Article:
The fundamental purpose of refrigeration in industrial food and beverage production and processing is to keep food cold. Cold temperatures help food stay fresh longer by slowing down the activity of bacteria, thus making it less susceptible to spoilage and waste, reducing the incidence of foodborne disease, and improving the taste of the food.
The “cold chain”, with regards to food and beverage, refers to the process of managing the temperature of perishable products in order to maintain quality and safety from the point of origin through the distribution chain to the final consumer. Industrial refrigeration equipment plays a vital role in maintaining food and beverage optimal temperatures. Having a set of strict standards in cooling is key to reducing spoilage and waste and reducing the risk of foodborne illnesses caused by bacteria.
Proper cooling practices throughout the cold chain are not just about food safety. They also ensure that food quality isn’t degraded by any environmental factors (e.g., humidity) resulting in spoilage or contamination and subsequent food waste. Maintaining temperature control of the “cold chain” on the production floor is critical and extends to the post-manufacturing transportation and storage of the produced products.
There are a variety of options for refrigeration processes employed in the production and processing of food. Among some of the most common are:
Pre-cooling: Rapid cooling slows the metabolism of food products serves to increase their usable life. The quality and longevity of the food products is a function of the temperature — the lower, the better. Based on the type of the food product, different refrigeration techniques are utilized. For example, small fruits receive hydrocooling, green leafy vegetables are vacuum cooled, meat product surfaces are subjected to blast-air system cooling, milk and other dairy products are cooled in specialized tanks, while pulsed air is used for a variety of other products.
Chilling: After the food product has been pre-cooled, it must be chilled and maintained at the specific temperature required for that food. Chilling a food product reduces the risk of bacterial growth. Rapidly chilling a product (also known as flash freezing or cryogenic freezing) mitigates this risk even further. The chilling process reduces the temperature of the food and maintains it in a range between -1°C to 8°C depending on the type of food involved. The chilling medium in mechanically cooled chillers may be air, water, ice, or another secondary cooling agent (e.g., slurry ice), or metal surfaces (e.g., heat exchangers). Chilling is usually performed in chilling tunnels or chilling rooms. The required temperature range depends on the sensitivity of the involved product. Some examples of different product chilling temperature ranges would be:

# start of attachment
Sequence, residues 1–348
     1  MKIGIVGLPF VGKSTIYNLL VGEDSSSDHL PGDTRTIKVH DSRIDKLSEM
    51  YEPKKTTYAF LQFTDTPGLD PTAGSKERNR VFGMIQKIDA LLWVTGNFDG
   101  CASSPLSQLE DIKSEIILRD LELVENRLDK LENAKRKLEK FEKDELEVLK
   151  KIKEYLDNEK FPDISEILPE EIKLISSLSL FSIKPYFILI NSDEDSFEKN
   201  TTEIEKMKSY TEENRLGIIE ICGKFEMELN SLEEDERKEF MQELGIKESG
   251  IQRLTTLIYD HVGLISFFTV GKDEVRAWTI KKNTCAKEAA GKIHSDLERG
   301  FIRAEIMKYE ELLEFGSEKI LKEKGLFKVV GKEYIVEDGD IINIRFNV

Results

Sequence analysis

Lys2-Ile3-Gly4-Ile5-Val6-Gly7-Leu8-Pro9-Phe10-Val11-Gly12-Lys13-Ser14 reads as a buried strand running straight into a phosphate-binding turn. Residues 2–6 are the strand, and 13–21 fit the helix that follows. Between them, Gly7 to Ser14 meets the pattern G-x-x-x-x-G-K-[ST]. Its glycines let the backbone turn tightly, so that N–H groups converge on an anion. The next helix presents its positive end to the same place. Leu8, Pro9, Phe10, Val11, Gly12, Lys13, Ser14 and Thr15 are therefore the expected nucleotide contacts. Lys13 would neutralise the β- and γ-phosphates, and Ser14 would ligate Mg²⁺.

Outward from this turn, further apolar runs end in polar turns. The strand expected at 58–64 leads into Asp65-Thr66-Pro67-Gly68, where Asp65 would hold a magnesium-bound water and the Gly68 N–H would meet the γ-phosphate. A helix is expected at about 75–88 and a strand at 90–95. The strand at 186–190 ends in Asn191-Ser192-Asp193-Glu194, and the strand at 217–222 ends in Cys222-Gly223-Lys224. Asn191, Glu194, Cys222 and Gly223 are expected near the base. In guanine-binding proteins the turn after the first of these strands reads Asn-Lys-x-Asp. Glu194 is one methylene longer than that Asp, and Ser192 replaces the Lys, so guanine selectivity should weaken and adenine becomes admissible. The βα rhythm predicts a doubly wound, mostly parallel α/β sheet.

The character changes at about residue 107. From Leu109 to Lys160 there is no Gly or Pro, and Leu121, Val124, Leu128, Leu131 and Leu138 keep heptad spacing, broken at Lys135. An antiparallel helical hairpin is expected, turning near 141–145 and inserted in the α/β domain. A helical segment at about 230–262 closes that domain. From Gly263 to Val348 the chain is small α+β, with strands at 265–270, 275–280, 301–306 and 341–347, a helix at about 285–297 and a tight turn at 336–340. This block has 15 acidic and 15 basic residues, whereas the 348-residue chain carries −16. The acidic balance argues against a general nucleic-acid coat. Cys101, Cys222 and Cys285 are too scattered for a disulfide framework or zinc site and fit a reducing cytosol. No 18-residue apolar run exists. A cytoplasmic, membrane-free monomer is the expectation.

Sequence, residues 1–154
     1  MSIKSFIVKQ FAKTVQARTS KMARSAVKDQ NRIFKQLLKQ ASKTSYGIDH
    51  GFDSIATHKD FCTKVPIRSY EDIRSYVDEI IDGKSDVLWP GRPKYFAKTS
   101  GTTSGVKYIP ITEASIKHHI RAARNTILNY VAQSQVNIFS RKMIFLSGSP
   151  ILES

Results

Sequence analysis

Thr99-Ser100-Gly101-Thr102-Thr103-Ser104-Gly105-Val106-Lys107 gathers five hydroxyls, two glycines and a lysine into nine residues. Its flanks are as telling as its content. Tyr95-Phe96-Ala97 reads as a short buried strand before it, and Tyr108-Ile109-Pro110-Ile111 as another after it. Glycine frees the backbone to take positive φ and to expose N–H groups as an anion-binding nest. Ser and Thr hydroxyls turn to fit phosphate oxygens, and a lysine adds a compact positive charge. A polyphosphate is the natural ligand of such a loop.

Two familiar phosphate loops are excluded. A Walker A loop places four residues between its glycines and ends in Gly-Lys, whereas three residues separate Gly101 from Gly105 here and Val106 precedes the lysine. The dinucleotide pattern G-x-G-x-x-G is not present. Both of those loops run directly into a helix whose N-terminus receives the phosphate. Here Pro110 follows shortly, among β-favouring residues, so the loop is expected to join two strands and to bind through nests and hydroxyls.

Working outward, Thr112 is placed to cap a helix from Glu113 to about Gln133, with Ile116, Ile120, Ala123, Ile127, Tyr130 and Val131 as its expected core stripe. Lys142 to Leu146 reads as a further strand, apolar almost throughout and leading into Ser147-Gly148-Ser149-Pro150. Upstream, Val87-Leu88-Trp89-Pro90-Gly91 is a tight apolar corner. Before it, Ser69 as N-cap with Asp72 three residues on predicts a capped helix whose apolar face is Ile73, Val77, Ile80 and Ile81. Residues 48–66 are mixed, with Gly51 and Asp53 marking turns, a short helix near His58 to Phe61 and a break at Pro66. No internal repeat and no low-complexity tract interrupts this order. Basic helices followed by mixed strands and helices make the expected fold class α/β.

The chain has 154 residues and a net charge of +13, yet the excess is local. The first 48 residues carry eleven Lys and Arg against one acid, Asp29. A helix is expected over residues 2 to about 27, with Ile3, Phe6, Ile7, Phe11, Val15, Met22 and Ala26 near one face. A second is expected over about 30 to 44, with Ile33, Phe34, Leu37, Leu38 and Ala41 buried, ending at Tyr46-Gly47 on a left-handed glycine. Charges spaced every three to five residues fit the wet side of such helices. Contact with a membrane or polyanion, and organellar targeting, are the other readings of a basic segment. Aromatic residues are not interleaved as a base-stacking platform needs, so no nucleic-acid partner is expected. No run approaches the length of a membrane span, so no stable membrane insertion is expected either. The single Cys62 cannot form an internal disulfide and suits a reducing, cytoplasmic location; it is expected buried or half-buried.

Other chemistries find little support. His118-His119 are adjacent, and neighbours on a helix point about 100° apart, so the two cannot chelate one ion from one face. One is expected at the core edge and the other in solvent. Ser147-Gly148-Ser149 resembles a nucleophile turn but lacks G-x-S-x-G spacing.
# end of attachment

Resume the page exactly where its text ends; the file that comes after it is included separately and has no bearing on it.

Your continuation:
Fully cooked meats and fish pies, cooked or uncooked cured meats, butter, margarine, hard cheese, cooked rice, fruit juices and soft fruits
Freezing: One of the most effective weapons in the fight against bacteria is freezing. Freezing is a process of lowering the temperature of a product below its solidification point. When the temperature is lowered below freezing point, microorganism growth decreases rapidly. An additional dynamic that occurs with the lowering of the product temperature below the freezing point is the reduction in free liquid water activity. This results in starving the microorganisms of the water they need to metabolize.
Carbon dioxide (CO2) snow, also known as dry ice, is a very effective and easy-to-use cooling medium. At atmospheric pressure, liquid carbon dioxide converts to solid carbon dioxide snow at –79ºC (–109ºF). The solid phase of CO2 makes it extremely effective for products in processed in mixers, blenders, containers, cartons, and combos.
Supercooling and Superchilling:Supercooling and superchilling tests have demonstrated the potential to enable safe, high quality and long-term storage of food without detrimental food quality effects for the consumer. In addition, reduced heat loads and higher storage temperatures result in energy and environmental benefits.
Supercooling is the process of lowering the temperature below its freezing point but without freezing. Superchilling allows a low ice fraction by partial freezing so that only a small proportion of the water content is in the form of ice.
These technologies have shown their ability for maintaining quality and freshness in a variety of foodstuff, in particular fish and meat, but also vegetables. They offer a more efficient method of preservation compared to deep freezing, as it is both faster to achieve and requires less energy. One of the main advantages of superchilling is that, because ice is not required to transport the foodstuff, the space taken by the ice can be replaced by food, decreasing the number of required journeys.
Shelf-life improvement of up to 100 % compared with traditionally chilled products has been estimated, which results in a significant waste reduction.
Other Food Processes Involving Refrigeration: Refrigeration is also used in many other industrial food processes. Some examples of these are:
Crystallization of fat for the texturization of butter, margarines, and some soft cheeses.
Cryoseparation of undesirable components, such as tartaric acid in white wines and champagne.
Cryoconcentration of components, as is done with fruit juices.